Tube strike: London set for travel chaos after Underground staff vote for walk-out

The potential action comes amid a row over staffing, safety and regulations

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Thousands of London Underground staff have voted to go on strike in the run up to Christmas as passengers face travel chaos.

The potential action comes amid a row over staffing, safety and regulations.

The RMT union has announced that balloting of their members resulted in "massive votes for action" by both Tube station staff and Piccadilly Line drivers.

Both results will now be considered by the RMT's executive.

More than 3,000 RMT station staff members were asked to vote over the impact on safety of the cutting of nearly 900 frontline workers at stations across London. Eight-five per cent of voters opted for strike action.

The RMT claims cuts have left safety on a "knife edge", highlighting recent incidents at Canning Town and North Greenwich stations as evidence.

Hundreds of Picadilly Line drivers were also balloted in a dispute over alleged breaches of policies, procedures and safety, which the union says has created a "wholesale breakdown in industrial relations." A similar number of Tube drivers also voted for strike action.

Mick Cash, RMT General Secretary, said: “RMT members on the London Underground stations see day in and day out the toxic impact of the job cuts programme and they are reporting back that it is horrific."

"With the constant overcrowding on stations and platforms it is only a matter of time before there is a major tragedy if we don’t act decisively.

"Our dispute is about taking action to haul back the cuts machine and put safety back at the top of the agenda.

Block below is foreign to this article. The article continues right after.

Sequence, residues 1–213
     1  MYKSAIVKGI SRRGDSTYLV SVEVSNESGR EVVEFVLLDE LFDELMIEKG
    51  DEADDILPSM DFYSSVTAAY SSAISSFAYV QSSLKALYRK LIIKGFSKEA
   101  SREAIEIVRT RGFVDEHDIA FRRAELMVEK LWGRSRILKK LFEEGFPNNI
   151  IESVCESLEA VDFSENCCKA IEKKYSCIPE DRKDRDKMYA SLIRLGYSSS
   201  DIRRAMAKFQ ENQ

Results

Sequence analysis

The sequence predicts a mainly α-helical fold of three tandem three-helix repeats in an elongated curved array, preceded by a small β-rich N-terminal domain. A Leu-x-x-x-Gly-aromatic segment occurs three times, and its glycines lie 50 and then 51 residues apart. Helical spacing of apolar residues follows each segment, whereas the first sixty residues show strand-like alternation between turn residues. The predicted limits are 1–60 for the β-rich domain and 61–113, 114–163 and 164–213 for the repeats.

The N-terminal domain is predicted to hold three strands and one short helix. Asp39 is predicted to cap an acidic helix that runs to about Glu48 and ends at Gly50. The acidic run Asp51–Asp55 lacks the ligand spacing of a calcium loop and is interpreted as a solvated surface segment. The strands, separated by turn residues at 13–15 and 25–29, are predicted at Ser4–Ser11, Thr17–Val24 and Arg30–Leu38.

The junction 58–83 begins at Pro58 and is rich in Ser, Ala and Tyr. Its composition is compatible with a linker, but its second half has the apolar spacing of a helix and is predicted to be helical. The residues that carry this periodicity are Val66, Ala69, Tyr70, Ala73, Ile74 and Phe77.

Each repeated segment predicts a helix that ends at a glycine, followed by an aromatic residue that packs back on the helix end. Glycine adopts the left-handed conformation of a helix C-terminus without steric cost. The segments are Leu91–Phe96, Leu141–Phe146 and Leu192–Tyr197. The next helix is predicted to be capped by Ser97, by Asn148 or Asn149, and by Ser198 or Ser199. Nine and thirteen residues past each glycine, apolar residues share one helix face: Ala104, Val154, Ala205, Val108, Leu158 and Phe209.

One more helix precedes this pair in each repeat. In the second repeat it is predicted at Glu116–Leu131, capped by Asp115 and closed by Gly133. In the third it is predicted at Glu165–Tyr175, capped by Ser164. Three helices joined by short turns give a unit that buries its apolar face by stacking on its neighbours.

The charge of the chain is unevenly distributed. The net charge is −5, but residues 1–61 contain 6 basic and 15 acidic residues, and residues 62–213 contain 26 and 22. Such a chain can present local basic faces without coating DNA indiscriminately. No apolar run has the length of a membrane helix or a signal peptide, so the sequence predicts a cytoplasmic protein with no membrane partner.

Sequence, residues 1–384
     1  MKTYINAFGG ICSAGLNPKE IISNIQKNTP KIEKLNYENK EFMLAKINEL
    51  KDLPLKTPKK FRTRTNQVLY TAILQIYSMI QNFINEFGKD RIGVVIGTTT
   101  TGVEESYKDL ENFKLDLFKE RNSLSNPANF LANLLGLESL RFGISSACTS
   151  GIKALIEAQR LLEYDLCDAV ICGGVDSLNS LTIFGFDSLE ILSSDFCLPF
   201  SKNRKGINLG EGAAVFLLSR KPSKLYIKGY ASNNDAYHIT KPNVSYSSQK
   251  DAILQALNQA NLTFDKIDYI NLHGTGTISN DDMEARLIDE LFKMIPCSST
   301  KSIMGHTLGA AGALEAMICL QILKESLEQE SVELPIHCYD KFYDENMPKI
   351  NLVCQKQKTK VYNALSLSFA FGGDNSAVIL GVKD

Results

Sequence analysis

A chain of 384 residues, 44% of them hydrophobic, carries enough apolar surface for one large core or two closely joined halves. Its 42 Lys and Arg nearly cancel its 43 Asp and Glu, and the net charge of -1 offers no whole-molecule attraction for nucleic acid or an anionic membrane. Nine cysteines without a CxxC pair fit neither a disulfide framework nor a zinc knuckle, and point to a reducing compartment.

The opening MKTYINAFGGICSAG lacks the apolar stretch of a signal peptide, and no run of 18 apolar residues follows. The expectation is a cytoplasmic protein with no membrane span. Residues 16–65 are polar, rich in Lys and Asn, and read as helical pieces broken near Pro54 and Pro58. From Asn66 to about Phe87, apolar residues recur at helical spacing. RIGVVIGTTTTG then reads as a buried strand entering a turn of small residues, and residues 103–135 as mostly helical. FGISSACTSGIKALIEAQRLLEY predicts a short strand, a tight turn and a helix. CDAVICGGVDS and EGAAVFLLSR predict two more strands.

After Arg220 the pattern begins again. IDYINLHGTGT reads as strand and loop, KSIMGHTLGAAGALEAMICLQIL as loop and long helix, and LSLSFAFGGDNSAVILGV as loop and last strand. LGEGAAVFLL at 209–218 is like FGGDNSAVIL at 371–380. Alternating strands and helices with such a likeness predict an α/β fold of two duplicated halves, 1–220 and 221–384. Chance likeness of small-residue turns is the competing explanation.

“In the separate dispute involving drivers on the Piccadilly Line, safety is again a major factor and is tied in with the ripping up of policies and procedures and ignoring warnings from staff.

"Our members have been left exposed and vulnerable and we have no choice but to blow the whistle before lasting damage is done."

“RMT members have now voted overwhelmingly for action in both these disputes and the results will now be considered by the unions executive. The union remains available for talks.”

The news followed an announcement from the Transport Salaried Staffs Association that it will ballot hundreds of its Tube members for strikes over the closure of ticket offices.

The TSSA said its members had been subjected to increased threats and abuse since a programme of ticket office closures started.

A survey for the TSSA found that most of the 540 staff felt less safe since they moved from ticket offices on to station concourses.

The so-called Fit for the Future programme was introduced by former London mayor Boris Johnson. His successor Sadiq Khan has ordered a review of the ticket office closures.

TSSA leader Manuel Cortes said: "My members say Fit for the Future working practices are fit for nothing and should be scrapped.

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"They are overstretched by the rosters, stressed by how unsafe the Tube has become, and fed up with the spikes in abuse, both verbal and physical, from passengers."

The union said staff were being targeted by frustrated passengers if ticket machines do not work.

Mr Cortes said travellers wanted ticket offices to be reopened.

"While we acknowledge Sadiq Khan has ordered a review of the chaos caused by closing ticket offices, our members are so fed up and fearful they are now prepared to force the pace of change with strike action to highlight their concerns."

Steve Griffiths, Transport for London's chief operating officer for London Underground, said: "Our staff work hard to serve the millions of customers that pass through the Tube and rail network every day.

"Everyone has the right to go about their work without fear or intimidation and we do not tolerate any form of verbal or physical assault on our staff."

Additional reporting by PA

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